The public relations element was certainly well-planned, as was the timing of the operation which coincided nicely with the difficulties the Kyiv authorities are now experiencing in clearing Maidan Nezalezhnosti. Russian television presented it in glowing terms with the main propaganda coup being in the apparent establishment of order and cleansing of ranks through the removal of criminal elements. If Valentin Krasnopyorov is correct in his assessment that “Putin is taking Donetsk under his control”, then the ploy could not have been better devised. The militants’ lawlessness in many east-Ukrainian cities have been a powerful antidote to the zombifying propaganda pouring forth from Russian television channels which have in many cities taken over all or most frequencies which previously broadcast Ukrainian channels. News that Russia would be willing to provide ‘humanitarian aid’ to the Donetsk People’s Republic could seem like yet another step to provide respite for the region’s beleaguered population.
Ukrainska Pravda journalist Ekaterina Sergatskova shows how careful the presentation was. “Those armed guys from the Vostok battalion come up to young women, give them roses and behave extremely nicely (they gave me one, for example.). I’ve seen such polite green people somewhere else.”
That ‘somewhere else’ was, of course, the Crimea before the blitzkrieg ‘referendum’ on March 16 and annexation by Russia two days later.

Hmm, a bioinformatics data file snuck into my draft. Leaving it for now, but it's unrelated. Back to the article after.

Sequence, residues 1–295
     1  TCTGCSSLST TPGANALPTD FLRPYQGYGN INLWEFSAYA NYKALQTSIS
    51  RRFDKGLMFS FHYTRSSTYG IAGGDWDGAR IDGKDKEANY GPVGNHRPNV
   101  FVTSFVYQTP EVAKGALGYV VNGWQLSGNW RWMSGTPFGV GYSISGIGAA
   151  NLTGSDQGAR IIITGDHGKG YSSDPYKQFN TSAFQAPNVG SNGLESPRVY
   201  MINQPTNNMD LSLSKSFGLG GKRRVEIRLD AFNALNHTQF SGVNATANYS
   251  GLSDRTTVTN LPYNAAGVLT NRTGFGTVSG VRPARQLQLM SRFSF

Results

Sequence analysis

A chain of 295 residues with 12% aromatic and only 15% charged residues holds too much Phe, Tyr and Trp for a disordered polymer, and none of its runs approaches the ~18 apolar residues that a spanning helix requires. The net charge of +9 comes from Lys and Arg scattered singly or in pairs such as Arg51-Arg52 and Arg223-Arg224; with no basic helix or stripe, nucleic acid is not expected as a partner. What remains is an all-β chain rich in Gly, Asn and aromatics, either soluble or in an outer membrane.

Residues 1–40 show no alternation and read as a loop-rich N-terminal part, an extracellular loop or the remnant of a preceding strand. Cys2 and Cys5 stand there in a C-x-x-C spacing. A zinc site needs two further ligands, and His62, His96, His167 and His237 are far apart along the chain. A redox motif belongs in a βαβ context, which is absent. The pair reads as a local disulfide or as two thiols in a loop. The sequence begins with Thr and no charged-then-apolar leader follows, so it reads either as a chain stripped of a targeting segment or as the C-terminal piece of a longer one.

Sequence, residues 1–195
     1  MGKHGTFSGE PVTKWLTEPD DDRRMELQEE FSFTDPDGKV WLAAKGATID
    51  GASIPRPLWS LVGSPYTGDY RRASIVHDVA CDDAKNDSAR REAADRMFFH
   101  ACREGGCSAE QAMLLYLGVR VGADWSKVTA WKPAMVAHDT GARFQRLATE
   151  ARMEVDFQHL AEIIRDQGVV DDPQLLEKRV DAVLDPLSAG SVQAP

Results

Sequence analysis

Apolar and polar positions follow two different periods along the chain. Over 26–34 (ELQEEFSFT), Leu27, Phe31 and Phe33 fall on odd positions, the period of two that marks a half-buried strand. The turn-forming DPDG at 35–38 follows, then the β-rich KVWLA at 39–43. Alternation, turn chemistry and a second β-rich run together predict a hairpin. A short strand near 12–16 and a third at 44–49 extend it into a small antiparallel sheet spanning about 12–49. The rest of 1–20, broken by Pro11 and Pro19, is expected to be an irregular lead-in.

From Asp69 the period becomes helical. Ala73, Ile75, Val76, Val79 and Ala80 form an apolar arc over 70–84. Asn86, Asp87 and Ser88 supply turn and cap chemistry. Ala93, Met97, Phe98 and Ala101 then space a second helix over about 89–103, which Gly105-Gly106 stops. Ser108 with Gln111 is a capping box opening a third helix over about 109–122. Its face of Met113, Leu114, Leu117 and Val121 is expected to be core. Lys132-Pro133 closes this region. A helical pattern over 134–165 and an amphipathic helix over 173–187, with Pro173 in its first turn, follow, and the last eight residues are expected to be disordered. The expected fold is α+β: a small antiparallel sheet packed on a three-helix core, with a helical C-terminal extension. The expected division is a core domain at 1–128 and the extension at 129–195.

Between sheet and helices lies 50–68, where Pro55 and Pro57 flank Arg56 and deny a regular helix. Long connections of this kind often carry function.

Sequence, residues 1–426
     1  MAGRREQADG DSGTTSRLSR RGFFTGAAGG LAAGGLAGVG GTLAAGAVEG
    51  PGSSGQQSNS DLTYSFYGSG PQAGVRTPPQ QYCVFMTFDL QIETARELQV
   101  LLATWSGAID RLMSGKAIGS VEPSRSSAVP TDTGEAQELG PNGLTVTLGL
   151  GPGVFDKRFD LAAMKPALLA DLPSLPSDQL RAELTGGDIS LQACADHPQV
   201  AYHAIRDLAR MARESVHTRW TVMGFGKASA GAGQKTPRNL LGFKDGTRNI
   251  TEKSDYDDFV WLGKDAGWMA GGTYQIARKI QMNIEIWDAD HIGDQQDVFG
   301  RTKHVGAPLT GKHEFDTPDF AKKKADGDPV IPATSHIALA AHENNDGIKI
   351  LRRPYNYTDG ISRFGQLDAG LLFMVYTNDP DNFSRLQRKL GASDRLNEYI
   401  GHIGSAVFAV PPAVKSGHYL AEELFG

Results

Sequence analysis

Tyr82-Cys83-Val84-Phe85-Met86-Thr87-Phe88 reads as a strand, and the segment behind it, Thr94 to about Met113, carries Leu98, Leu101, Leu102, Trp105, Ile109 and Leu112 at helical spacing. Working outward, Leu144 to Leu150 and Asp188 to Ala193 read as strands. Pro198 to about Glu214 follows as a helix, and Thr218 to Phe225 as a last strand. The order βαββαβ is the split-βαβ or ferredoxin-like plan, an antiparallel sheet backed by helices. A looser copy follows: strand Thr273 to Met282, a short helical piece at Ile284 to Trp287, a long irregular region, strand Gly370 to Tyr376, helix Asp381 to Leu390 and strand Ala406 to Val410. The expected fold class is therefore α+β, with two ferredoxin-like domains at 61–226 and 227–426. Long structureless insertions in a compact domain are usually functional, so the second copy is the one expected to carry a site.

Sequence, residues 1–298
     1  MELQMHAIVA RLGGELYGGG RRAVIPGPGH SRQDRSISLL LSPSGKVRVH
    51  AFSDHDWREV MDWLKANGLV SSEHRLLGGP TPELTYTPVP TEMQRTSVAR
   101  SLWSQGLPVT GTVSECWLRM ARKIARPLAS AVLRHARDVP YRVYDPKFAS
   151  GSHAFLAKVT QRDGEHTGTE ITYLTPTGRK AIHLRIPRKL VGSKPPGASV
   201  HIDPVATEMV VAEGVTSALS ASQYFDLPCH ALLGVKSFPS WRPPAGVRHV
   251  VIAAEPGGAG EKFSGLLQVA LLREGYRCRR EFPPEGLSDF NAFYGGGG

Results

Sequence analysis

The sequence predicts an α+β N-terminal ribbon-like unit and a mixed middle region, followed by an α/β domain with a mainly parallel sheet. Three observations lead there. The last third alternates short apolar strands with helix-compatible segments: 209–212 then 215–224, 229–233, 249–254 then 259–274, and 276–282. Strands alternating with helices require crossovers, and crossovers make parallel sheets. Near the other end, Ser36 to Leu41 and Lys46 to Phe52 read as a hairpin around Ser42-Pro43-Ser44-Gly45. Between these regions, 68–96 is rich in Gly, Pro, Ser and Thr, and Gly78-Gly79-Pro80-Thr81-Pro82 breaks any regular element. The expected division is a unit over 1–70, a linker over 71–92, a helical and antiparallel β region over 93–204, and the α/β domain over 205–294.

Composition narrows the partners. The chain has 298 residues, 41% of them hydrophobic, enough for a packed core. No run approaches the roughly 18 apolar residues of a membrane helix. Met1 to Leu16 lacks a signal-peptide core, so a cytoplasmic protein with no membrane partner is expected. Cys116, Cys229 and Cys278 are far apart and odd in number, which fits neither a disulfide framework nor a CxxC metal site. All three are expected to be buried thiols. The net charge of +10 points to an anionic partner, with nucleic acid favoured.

Sergatskova suggests only that Moscow will now control the ‘Donetsk People’s Republic’ militants better. Krasnopyorov sees the DPR as largely having served their purpose. Russia, he says, has now consolidated its resources and can dispense with them. He suggests that the situation has entered a new phase, similar to that of the Crimea, although with its own specific features. The Vostok Battalion answers to Moscow alone. Under their control, people close to Moscow, or to ‘the Family’ [i.e. former President Viktor Yanukovych], can re-emerge.
Krasnopyorov believes that this new phase needed to be achieved now before Petro Poroshenko’s inauguration as president in order to give Putin negotiating power. His demands would be recognition of the Crimea in order to reduce international pressure; a broad coalition in order to retain control over Ukrainian political life; resolution of gas issues and a controlled political elite in Donbas.
Krasnopyorov does not believe the situation to be lost, but does stress the need for consolidated effort, and for western support.